Do you want to be an astronaut when you grow up? Yeah, you and 12,000 others: NASA flooded with folks hoping to visit Moon, Mars

Cramped conditions? Not being able to see friends and family? Sounds familiar

If the current coronavirus pandemic has got you wanting to leave Planet Earth, you’re not alone. More than 12,000 people answered NASA’s latest call for astronauts to explore the Moon and Mars.

Unfortunately, if you’re still thinking about it, you’re a little too late. Applications have just closed after being open for a month from March 2 to 31. NASA said it received applications from every US state, and four of the country’s territories for its Artemis program, an ambitious and ongoing effort to send humans further out into the unexplored territory in space.

“We’ve entered a bold new era of space exploration with the Artemis program, and we are thrilled to see so many incredible Americans apply to join us,” said Jim Bridenstine, NASA’s Administrator, on Wednesday. “The next class of Artemis Generation astronauts will help us explore more of the Moon than ever before and lead us to the Red Planet.”

The next big milestone for the program is the Artemis mission to send the first woman and next man to the Moon by 2024. NASA is working towards uncrewed flights of its much-delayed Space Launch System rocket and its Orion space capsule, built to house up to six space travelers, for testing. The goal of Artemis is to establish a Moon base for further exploration of Mars.


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Being an astronaut is incredibly competitive. The previous call drew in a record-breaking 18,300 applications, and only 11 managed to make it all the way to the graduation stage earlier this year.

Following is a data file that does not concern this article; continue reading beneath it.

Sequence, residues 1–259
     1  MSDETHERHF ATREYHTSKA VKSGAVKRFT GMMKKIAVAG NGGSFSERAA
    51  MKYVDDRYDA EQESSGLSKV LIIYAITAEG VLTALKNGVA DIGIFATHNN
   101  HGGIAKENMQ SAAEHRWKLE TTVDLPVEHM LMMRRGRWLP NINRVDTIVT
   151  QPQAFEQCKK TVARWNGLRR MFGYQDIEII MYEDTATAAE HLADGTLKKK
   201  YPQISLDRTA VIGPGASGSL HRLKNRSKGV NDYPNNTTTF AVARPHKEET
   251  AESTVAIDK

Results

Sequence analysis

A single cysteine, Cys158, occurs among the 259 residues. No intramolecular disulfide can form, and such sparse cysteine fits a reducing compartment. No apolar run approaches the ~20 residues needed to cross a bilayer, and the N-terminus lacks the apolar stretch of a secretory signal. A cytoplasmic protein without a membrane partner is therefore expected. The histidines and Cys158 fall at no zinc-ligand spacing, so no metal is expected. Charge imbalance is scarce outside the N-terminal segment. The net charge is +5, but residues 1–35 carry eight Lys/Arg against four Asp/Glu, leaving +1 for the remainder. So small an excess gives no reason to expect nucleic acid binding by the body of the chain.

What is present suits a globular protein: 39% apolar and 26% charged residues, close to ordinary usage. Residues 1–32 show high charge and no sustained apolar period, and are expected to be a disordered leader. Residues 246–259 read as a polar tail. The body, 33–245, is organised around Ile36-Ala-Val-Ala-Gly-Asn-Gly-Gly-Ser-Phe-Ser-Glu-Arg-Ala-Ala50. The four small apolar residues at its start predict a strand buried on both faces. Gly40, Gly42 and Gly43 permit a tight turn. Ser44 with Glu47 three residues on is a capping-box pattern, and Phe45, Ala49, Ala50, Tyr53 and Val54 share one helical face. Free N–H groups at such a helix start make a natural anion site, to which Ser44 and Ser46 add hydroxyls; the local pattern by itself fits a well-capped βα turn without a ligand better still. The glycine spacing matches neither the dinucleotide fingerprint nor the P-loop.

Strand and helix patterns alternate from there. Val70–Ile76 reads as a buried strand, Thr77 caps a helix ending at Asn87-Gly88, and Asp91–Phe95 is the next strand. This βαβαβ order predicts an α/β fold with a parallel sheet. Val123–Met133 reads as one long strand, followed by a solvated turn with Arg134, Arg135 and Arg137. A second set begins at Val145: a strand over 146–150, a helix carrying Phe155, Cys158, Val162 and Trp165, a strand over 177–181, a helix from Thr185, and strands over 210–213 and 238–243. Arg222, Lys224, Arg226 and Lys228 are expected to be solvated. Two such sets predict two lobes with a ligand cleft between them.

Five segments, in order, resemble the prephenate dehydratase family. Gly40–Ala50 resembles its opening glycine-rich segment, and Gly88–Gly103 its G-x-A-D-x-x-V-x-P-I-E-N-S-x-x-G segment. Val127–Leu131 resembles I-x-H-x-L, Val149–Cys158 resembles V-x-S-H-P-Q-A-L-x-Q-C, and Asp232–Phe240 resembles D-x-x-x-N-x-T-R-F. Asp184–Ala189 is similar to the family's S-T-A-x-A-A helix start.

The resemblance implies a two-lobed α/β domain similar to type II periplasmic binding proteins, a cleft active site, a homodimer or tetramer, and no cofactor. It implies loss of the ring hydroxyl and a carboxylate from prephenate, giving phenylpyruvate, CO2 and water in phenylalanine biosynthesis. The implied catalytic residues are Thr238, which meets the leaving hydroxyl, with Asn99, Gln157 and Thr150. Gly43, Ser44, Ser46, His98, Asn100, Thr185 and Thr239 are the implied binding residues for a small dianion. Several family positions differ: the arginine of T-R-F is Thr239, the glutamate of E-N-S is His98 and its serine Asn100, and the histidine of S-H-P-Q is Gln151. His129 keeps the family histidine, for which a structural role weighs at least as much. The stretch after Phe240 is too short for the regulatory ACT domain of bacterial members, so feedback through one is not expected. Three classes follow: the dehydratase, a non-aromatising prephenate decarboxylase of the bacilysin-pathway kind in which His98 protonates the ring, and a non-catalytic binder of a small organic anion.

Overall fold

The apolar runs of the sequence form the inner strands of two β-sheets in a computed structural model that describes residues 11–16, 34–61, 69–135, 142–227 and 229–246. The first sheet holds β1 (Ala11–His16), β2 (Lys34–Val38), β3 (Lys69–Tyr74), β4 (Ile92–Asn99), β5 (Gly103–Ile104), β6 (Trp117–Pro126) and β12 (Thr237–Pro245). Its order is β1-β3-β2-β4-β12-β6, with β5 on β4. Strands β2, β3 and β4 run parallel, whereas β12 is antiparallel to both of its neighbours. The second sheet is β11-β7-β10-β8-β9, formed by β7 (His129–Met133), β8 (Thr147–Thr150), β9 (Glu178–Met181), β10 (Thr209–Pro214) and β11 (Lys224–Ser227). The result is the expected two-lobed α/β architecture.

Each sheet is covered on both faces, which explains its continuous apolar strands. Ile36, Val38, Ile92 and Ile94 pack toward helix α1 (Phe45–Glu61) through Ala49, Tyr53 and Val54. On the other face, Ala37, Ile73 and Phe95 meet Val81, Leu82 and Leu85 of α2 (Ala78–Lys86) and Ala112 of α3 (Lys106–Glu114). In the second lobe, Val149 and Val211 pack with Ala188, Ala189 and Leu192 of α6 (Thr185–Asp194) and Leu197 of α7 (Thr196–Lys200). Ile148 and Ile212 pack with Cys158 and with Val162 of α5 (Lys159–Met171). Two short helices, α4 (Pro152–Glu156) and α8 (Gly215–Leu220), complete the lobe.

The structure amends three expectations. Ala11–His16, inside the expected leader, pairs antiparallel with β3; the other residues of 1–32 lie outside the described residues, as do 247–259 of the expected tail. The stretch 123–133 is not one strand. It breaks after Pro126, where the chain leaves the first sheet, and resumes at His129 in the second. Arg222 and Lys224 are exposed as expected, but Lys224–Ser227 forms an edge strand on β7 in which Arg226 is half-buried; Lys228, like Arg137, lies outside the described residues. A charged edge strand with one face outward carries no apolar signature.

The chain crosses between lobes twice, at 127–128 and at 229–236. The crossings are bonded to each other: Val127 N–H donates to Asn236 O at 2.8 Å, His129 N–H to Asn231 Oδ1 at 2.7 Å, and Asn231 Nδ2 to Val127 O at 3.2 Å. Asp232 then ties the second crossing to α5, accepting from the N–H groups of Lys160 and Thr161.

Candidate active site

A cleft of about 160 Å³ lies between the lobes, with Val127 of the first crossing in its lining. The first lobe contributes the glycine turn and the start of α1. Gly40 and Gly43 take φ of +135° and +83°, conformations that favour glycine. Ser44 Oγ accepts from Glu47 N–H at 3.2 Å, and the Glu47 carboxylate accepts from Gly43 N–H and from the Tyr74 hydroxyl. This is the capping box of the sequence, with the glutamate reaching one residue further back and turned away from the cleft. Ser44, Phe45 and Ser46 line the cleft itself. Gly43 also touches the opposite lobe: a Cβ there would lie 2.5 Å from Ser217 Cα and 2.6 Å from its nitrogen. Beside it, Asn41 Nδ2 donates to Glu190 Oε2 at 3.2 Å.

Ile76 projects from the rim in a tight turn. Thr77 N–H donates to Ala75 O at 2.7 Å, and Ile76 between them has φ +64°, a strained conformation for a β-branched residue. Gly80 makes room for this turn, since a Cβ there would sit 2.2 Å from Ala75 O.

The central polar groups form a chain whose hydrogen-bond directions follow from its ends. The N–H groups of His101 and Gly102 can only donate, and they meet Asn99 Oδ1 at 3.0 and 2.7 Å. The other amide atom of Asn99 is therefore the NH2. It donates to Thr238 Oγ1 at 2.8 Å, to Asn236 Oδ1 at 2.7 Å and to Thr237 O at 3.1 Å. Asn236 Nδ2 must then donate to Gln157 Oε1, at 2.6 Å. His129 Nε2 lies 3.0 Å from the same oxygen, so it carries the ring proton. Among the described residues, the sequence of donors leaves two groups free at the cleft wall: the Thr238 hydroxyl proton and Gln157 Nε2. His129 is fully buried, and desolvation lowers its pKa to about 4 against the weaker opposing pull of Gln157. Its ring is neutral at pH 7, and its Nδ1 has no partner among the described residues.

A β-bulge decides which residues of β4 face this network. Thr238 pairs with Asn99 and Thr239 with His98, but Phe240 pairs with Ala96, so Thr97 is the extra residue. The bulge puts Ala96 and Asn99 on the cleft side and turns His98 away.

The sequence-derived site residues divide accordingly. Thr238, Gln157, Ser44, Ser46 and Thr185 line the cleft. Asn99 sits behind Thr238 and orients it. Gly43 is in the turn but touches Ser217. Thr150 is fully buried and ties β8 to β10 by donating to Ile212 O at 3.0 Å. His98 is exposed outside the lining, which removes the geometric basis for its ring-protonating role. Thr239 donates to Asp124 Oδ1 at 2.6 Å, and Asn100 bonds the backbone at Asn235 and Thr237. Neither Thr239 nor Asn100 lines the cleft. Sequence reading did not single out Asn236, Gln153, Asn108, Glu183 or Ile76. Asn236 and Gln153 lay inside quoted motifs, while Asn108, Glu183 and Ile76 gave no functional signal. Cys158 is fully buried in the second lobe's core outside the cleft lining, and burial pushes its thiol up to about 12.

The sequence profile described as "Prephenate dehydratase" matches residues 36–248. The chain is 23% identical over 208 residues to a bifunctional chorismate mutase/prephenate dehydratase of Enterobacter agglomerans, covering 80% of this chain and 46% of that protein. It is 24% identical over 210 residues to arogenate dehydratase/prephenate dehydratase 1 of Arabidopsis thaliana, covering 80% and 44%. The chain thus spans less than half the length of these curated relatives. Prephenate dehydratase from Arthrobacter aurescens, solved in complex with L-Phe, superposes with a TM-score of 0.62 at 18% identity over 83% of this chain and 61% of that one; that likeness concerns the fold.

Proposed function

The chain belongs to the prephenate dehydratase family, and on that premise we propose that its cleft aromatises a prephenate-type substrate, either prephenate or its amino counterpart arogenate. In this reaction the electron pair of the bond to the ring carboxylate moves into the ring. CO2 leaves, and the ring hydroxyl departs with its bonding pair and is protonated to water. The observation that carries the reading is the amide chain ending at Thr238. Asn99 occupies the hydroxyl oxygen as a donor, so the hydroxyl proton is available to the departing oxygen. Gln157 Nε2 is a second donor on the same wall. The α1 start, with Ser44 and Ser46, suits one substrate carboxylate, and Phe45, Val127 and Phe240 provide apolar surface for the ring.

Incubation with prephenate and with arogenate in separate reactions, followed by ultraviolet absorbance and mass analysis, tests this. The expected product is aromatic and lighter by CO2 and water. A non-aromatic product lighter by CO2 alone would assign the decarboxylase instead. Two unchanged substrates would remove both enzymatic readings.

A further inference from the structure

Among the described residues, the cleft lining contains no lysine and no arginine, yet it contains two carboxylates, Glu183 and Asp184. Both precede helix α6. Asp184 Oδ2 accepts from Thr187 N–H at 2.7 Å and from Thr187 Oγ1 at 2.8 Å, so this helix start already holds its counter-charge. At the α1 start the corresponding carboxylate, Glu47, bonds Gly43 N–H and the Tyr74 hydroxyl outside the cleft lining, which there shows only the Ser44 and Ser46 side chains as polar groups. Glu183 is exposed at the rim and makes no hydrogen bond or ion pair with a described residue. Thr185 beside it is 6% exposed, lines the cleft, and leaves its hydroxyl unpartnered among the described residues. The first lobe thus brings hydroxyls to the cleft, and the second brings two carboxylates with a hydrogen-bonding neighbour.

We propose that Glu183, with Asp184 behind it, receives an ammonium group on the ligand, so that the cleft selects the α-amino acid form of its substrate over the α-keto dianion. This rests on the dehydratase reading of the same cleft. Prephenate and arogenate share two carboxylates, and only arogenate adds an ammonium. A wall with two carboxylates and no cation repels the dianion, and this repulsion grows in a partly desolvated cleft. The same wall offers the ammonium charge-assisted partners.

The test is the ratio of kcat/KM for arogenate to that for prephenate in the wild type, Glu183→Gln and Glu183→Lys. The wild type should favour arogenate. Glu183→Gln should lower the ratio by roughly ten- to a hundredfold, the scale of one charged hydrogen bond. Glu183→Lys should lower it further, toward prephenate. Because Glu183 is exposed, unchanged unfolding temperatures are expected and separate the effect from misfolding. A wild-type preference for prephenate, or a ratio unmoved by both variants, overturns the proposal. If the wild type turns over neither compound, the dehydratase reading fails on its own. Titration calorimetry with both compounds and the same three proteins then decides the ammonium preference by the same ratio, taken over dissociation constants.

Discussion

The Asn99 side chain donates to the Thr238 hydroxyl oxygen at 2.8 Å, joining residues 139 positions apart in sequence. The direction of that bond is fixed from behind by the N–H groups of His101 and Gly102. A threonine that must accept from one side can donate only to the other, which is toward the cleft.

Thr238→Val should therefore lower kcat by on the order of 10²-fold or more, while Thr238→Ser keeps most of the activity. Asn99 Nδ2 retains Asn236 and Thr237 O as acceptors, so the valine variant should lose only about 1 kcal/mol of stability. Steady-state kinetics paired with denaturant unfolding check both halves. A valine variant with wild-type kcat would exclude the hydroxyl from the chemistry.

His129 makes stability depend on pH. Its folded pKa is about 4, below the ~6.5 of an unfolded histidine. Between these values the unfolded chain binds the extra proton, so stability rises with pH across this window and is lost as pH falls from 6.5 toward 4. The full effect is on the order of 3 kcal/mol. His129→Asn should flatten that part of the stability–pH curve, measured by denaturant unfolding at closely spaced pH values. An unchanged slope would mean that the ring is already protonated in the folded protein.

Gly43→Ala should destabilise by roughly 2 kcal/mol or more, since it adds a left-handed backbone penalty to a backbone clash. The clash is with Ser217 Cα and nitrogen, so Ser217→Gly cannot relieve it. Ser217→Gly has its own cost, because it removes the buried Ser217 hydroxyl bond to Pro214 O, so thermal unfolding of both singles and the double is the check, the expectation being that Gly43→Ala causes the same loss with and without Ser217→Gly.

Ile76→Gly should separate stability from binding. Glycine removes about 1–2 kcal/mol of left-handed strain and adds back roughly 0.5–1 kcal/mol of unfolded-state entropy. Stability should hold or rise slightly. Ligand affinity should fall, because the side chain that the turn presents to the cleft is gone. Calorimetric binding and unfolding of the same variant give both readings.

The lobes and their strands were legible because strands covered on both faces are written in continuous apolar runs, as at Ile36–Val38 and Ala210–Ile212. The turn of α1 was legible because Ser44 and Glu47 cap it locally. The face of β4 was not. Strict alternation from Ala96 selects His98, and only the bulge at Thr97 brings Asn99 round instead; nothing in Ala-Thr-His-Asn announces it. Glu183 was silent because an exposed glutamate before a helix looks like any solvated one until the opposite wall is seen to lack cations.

The number of applications dropped to about 12,000 this time round, however, as NASA upped the education requirement for eligible candidates from a bachelor’s degree to a master’s degree in a science, technology, math, or engineering subject. The time window to apply was also slashed from two months to one. And, don't forget, you have to be a US citizen.

“We’re able to build such a strong astronaut corps at NASA because we have such a strong pool of applicants to choose from,” said Anne Roemer, manager of the Astronaut Selection Board and director of human resources at the Johnson Space Center. “It’s always amazing to see the diversity of education, experience and skills that are represented in our applicants. We are excited to start reviewing astronaut applications to identify the next class of astronaut candidates.”

Students selected for the new class of astronauts will be revealed next summer, and will be taught over the following two years how to conduct spacewalks and operate spacecraft systems safely. They’ll also have to learn strict cultural rules as well as the Russian language in order to live and work on the International Space Station.

NASA has selected 350 lucky sods to train as astronauts since the 1960s when humans began exploring space. There are, right now, 48 active members qualified to be assigned to spaceflights at any given time. ®

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